Saturday, May 16, 1981

“Bette Davis Eyes” hits #1 for the first of 9 weeks

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Kim Carnes “Bette Davis Eyes”

Writer(s): Jackie DeShannon, Donna Weiss (see lyrics here)

First charted: 3/28/1981

Peak: 19 US, 15 AC, 5 AR, 10 UK (Click for codes to singles charts.)

Sales (in millions): 1.0 US, -- UK, 1.0 world (includes US and UK)

Radio Airplay (in millions): 2.0 Video Airplay (in millions): 42.6

Review: Sometimes it takes a strange mix of ingredients to make a hit song. In this case, take a memorable keyboard synth line, a female singer whose raspy voice leads some to mistaken her as Rod Stewart, SF and a song with mysterious lyrics referencing an iconic movie star known for bugged-out eyes due to a disorder which causes an overproduction of the thyroid. SF

Songwriter Donna Weiss says part of this song’s inspiration came from a Bette Davis movie – she thinks it was Jezebel – but has remained mum about any further inspiration than that. BR1-543 She wrote the lyrics while Jackie DeShannon, whose “What the World Needs Now Is Now” and “Put a Little Love in Your Heart” were both top tens, wrote most of the music. BR1-543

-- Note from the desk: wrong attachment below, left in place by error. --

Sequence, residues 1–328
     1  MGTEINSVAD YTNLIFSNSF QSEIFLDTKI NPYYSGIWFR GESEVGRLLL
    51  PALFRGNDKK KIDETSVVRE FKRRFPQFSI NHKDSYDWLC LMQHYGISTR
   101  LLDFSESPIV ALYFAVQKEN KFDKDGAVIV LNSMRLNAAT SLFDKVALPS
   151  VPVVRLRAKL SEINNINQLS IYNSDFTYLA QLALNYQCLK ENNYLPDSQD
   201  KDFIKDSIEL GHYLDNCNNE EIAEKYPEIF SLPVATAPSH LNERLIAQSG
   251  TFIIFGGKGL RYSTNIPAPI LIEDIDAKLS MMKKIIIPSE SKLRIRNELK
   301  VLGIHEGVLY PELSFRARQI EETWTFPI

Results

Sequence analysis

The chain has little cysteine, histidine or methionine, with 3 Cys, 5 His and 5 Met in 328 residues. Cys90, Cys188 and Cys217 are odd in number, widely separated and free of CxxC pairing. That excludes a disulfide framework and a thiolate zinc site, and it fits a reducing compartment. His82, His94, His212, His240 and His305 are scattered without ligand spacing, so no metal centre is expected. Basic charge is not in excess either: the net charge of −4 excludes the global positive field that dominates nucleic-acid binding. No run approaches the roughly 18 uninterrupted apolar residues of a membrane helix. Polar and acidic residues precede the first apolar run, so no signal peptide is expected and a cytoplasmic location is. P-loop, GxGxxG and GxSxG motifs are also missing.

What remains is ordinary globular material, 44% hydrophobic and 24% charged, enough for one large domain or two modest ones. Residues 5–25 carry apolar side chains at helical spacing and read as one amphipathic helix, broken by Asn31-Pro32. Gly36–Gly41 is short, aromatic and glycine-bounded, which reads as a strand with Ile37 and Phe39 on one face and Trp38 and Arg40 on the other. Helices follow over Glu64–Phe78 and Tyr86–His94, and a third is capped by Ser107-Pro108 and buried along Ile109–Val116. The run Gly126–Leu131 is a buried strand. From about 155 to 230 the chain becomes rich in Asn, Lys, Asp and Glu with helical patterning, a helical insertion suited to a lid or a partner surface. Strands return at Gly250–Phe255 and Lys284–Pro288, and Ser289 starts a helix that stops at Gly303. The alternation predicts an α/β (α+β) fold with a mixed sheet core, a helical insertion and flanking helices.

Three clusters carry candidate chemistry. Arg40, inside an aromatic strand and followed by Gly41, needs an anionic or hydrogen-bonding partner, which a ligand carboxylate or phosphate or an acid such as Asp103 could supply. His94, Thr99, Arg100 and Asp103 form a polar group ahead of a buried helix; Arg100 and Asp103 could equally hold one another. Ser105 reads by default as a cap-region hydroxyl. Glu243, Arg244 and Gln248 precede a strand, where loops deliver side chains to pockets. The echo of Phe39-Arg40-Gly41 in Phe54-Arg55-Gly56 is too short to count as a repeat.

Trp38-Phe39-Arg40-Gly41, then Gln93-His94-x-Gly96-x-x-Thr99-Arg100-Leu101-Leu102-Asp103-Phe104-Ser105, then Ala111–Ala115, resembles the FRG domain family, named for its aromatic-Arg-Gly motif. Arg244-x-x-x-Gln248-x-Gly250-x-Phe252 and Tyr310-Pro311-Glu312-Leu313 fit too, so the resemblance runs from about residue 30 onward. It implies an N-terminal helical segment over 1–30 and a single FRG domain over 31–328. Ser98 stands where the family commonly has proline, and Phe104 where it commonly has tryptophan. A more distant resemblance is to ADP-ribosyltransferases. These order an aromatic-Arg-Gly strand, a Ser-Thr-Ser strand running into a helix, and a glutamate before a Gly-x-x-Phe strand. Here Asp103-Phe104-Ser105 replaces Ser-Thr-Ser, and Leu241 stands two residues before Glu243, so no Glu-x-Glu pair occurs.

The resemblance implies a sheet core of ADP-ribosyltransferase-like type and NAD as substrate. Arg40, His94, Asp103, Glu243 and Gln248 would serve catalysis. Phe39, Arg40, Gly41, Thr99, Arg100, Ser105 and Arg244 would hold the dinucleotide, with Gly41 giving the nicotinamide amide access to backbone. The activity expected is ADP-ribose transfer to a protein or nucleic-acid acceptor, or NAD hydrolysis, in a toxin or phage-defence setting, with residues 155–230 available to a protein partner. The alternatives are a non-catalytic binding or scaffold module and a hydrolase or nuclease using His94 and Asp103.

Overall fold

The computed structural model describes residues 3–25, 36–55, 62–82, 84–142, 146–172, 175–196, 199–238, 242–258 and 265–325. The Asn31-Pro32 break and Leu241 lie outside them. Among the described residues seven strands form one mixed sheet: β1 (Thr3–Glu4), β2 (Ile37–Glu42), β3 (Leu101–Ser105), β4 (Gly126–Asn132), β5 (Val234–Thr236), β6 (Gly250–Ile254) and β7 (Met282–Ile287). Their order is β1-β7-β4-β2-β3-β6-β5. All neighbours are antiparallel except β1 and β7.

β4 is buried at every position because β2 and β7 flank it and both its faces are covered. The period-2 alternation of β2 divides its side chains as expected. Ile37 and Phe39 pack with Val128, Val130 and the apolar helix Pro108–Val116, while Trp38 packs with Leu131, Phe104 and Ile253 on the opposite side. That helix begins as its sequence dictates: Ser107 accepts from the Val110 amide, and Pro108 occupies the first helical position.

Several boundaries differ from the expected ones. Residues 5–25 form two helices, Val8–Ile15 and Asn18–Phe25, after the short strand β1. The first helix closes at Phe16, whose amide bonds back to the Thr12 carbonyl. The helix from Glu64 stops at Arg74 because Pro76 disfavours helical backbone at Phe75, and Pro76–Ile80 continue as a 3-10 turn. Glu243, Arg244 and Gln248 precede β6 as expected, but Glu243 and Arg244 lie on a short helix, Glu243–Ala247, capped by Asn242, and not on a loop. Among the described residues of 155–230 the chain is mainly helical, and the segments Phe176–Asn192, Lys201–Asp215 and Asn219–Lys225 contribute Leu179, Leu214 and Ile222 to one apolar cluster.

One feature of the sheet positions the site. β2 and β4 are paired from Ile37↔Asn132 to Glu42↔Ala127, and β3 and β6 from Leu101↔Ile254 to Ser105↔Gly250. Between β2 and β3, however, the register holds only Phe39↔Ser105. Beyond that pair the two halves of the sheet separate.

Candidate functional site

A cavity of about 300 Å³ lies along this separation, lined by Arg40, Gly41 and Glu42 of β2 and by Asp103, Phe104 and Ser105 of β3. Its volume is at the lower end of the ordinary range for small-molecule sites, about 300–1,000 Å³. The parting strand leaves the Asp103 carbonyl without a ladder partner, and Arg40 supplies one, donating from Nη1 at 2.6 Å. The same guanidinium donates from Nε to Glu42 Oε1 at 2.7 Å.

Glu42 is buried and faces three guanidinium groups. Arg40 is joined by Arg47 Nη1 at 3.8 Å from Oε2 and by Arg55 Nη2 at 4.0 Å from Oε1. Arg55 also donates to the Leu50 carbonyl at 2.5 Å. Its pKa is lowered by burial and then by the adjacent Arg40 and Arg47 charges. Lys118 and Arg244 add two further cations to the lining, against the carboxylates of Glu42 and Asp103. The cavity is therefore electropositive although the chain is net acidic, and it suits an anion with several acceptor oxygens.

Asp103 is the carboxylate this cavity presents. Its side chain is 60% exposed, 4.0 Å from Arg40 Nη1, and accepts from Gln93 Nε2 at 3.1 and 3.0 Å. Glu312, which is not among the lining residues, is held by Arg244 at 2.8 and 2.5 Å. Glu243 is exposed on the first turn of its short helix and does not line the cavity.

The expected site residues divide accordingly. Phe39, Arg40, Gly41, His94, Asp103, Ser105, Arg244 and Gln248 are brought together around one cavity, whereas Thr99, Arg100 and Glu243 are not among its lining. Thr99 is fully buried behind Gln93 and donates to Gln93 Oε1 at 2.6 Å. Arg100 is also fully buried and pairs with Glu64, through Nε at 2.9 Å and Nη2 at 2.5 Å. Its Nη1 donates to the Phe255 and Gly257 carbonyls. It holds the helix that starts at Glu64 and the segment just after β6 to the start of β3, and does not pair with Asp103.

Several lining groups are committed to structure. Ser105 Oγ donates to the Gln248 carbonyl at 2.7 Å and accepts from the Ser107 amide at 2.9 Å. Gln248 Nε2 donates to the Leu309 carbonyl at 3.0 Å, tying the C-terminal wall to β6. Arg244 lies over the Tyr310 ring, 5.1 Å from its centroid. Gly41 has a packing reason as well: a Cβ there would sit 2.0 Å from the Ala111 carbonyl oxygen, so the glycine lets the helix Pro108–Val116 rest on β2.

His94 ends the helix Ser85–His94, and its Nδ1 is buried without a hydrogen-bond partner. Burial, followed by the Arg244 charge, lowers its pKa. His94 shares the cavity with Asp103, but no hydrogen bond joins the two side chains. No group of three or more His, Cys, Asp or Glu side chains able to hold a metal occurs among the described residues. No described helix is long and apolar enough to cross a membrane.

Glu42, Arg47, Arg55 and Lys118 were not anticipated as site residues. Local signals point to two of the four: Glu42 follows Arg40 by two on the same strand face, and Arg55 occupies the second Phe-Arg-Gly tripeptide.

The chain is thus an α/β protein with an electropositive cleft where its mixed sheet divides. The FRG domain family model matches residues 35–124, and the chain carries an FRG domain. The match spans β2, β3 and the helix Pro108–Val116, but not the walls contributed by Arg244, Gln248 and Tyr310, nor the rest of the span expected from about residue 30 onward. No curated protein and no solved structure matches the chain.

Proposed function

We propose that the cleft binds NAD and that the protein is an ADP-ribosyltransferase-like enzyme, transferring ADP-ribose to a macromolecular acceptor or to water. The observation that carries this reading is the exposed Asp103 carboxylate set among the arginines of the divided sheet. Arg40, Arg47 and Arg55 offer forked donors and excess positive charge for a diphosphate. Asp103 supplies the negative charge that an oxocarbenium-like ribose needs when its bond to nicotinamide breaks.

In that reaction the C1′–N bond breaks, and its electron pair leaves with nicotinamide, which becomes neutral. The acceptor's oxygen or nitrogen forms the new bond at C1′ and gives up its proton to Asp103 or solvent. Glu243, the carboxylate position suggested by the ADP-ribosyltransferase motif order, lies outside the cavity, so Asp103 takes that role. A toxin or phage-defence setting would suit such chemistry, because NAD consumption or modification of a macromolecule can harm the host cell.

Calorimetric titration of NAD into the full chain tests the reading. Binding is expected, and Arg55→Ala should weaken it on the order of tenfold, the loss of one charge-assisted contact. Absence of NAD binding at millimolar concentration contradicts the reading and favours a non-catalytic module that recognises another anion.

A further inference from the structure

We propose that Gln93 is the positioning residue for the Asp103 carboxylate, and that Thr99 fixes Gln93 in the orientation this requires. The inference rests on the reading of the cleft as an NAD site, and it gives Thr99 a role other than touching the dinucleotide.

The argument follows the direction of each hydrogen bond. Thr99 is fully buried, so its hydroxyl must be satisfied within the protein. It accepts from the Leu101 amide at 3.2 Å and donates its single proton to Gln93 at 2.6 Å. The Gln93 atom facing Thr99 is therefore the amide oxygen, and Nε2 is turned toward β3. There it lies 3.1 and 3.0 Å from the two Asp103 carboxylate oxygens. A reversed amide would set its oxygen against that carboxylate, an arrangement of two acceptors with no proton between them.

DeShannon recorded a honky-tonk version of the song for her 1975 album New Arrangement. When Carnes was given the song, she wasn’t convinced it had hit potential. BR1-543 However, when her synthesizer player, Bill Cuomo, reworked the track into a new-wavish pop song, Carnes was sold. So was the record buying public – it hit #1 in 31 countries WK and topped 1981’s year-end Hot 100 in the U.S. HT100

Among the song’s fans was Davis herself. She wrote letters to Carnes and the songwriters to thank them for being made “part of modern times.” BR1-543 Weiss says that Davis shared that because of the song “her grandson looked up to her and respected her” BR1-543 because it was cool that she’d had a song written about her.

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Note: Footnotes (raised letter codes) refer to sources frequently cited on the blog. Numbers following the letter code indicate page numbers. If the raised letter code is a link, it will go directly to the correct page instead of the home page of a website. You can find the sources and corresponding footnotes on the “Lists” page in the “Song Resources” section.


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